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“I think I was the right director to do science fiction because I didn’t know much about it, and therefore I didn’t believe in it. But I was intrigued enough by the outrageous dynamics of [Alien’s] script to say, ‘I think I can do something with this.'” —Ridley Scott

So it’s Halloween, but it’s also Sunday, which probably means one of two things: Either you’re still hungover from last night’s pre-Halloween festivities, or you’ve got some neutered, only semi-drunken Halloween plans lined up for tonight. (Or hell, maybe both—in which case, congrats on being an overachiever.)

Regardless: If you (A) like film, and (B) wanna watch something scary for the holiday, and (C) are looking for a way to kill a few hours—as well as a good number of future hours—here’s my advice: Pick up the Alien Anthology, and prepare to not leave your couch for the foreseeable future.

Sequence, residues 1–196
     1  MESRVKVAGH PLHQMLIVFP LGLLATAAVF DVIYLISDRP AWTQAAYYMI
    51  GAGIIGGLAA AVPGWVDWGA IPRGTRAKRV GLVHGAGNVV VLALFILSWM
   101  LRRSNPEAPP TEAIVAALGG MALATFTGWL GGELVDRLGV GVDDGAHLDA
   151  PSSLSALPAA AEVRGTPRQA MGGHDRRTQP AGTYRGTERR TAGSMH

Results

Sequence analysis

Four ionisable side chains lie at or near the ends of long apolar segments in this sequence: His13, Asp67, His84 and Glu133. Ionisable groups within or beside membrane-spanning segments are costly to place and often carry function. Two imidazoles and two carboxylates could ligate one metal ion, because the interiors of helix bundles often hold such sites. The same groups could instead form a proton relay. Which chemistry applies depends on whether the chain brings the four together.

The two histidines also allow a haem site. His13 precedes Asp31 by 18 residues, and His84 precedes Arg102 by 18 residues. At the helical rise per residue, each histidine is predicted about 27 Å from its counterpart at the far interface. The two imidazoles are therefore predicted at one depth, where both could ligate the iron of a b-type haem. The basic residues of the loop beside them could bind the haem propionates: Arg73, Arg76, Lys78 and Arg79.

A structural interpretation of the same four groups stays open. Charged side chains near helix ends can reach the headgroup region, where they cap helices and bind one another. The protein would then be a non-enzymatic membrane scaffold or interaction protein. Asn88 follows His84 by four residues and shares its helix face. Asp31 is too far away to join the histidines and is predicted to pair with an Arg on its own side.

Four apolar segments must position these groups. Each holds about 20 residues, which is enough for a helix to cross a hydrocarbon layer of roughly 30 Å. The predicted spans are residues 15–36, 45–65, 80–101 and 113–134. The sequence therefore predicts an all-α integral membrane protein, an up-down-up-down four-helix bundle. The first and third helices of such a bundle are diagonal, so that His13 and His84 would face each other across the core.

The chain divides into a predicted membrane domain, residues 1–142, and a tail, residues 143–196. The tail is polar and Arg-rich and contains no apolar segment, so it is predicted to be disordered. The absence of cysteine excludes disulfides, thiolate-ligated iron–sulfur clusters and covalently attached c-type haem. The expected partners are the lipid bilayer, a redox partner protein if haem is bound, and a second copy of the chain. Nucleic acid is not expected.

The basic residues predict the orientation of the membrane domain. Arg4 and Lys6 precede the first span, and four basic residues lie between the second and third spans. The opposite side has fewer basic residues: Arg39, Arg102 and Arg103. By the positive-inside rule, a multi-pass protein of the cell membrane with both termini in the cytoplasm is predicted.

If you’re a fan of the Alien films (or, more likely, if you’re a fan of the first two Alien films), you’ve likely already seen the excellent Alien Quadrilogy, 2003's nine-disc, special features-laden set that established the gold standard for DVD releases. (The Quadrilogy was so goddamn impressive, in fact, that Fox had to invent a whole new word to describe it; apparently, “tetralogy” didn’t have the punch they were looking for.) The Alien Anthology—which came out last week on Blu-ray—not only boasts the expected upgrades to that set—namely, gorgeous high-def transfers and great sound for all four films, which are the main reasons for any cinephile to pick this up—but also adds even more in-depth special features. There’re two cuts of each film (including the vastly superior director’s cut of 1986's Aliens and the similarly superior workprint cut of 1992's Alien 3), commentaries, deleted scenes, isolated scores, individual documentaries on the making of each of the films, deleted scenes from those documentaries (referred to as “enhancement pods”), Dan O’Bannon first-draft screenplay for 1979's Alien and Joss Whedon's first-draft screenplay for 1997's Alien Resurrection (and James Cameron’s original treatment for Aliens), production artwork, and a truly insane amount of archival materials. All told, the press release for the Alien Anthology says it boasts “over 60 hours of special features and over 12,000 images," and yeah, that seems about right, because christ.